One way to implement inquiry driven work is to let the students drive the inquiry. You heard about voice and choice when you had your PBL training. Genius Hour is a great way to let the students have voice AND choice on projects of their own interests.
Chris Kesler, an educator from outside of Houston, defines Genius Hour as:
… a movement that allows students to explore their own passions and encourages creativity in the classroom. It provides students a choice in what they learn during a set period of time during school.
Chris’s Genius Hour blog gives you direction and answers your questions such as:
Approaching Your Administration About Genius Hour
Genius Hour Project Introductions
Setting Genius Hour Expectations
The Google tools you and your students have access to make this such an easy program to implement and document the progress. Use Google Docs for notes (with you facilitating in the Comments section), Sheets or Docs for data collection, Draw for prototypes, Presentation or YouTube for publication of their work to their blogs, Hangouts for working with experts, and the list goes on. The best thing is that you don’t have to be an expert on any of it. You’re just the guiding, inspiring force behind their work.
Still have questions about Genius Hour? Check out Chris’s explanation in this video below.
Still not convinced? Watch some interviews of teachers implementing the program or check out some of the dozens of teacher blogs and Twitter accounts of those using Genius Hour to teach their kids. Or, if you prefer paper, grab a copy of the book “Inquiry and Innovation in the Classroom: Using 20% Time, Genius Hour, and PBL to Drive Student Success.”
Maybe you’re still reading and the thought running through your head is, “This is fine and all, but how do I make them include the subject I teach in their work?” Well, that’s not always the point of it. If you want to make the Genius Hour by modifying Google’s ideology (the time can be used provided it has the potential to advance the company) to fit your class, then set those goals from the onset. But be willing to be flexible in the content the students select. By giving them freedom, even if the topic is a stretch, they gain trust in you because you are trusting them to make the learning meaningful. They will see you buying into them and their learning/needs, and they will buy into you as someone who cares about what they think. In the end, that might be the biggest payoff from the entire process. And to me, that’s money in the bank.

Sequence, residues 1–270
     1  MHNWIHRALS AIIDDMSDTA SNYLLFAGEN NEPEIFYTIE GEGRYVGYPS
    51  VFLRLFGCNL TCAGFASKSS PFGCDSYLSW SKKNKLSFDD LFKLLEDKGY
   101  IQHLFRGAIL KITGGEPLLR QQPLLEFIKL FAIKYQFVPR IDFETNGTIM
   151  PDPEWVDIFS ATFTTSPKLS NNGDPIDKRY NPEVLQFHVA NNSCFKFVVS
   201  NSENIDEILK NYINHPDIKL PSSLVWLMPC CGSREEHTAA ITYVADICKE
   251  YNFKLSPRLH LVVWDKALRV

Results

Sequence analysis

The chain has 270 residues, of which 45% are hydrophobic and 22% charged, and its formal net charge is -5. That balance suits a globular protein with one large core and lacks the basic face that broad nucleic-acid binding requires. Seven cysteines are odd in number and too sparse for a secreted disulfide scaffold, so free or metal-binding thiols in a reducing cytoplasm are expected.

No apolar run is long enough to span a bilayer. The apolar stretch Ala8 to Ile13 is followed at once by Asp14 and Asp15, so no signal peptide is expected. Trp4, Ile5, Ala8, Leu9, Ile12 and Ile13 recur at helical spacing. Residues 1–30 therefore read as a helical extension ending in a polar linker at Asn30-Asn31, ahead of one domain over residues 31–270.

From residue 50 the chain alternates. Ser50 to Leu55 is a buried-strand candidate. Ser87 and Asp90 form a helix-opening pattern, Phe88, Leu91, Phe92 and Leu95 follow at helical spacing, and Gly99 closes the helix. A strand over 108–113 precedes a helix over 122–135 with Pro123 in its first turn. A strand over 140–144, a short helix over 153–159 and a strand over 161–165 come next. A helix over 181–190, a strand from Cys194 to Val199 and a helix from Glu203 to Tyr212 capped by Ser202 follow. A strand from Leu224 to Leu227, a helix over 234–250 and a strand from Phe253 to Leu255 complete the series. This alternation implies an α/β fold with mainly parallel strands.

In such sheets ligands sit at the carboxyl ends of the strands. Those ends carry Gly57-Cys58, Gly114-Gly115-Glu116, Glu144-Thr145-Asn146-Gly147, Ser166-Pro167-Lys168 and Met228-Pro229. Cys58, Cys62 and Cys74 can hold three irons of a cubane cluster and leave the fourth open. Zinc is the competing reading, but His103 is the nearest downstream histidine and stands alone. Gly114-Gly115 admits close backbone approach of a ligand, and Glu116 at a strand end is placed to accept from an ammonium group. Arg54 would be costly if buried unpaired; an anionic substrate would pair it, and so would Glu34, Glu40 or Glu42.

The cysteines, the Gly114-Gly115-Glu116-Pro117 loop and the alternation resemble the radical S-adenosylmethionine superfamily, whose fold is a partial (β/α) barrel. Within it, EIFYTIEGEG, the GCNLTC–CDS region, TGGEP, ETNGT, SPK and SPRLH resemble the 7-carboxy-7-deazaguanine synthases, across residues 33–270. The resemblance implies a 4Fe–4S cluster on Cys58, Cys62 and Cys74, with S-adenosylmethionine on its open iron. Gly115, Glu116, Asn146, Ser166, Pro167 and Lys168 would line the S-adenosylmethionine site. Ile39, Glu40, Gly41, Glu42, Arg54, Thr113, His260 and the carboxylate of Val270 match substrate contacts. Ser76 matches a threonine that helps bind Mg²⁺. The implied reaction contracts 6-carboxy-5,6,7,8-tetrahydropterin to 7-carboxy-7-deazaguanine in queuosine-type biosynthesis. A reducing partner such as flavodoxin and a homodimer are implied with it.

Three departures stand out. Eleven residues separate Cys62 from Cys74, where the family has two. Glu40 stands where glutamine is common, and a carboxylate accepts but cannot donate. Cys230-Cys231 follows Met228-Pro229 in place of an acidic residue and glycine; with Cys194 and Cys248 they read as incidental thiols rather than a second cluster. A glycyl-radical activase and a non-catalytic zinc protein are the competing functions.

Oh, and if you think this is just some new fad that’s going to come and go, you’re wrong. WOISD has had employees doing this since before there was a Google doing 20% time. Peggy Raines and Linda McKinney were doing this when I would substitute in their classrooms back in the early 90’s. They called it P.R.O.B.E.: Personal Research On Basically Everything. It was stellar.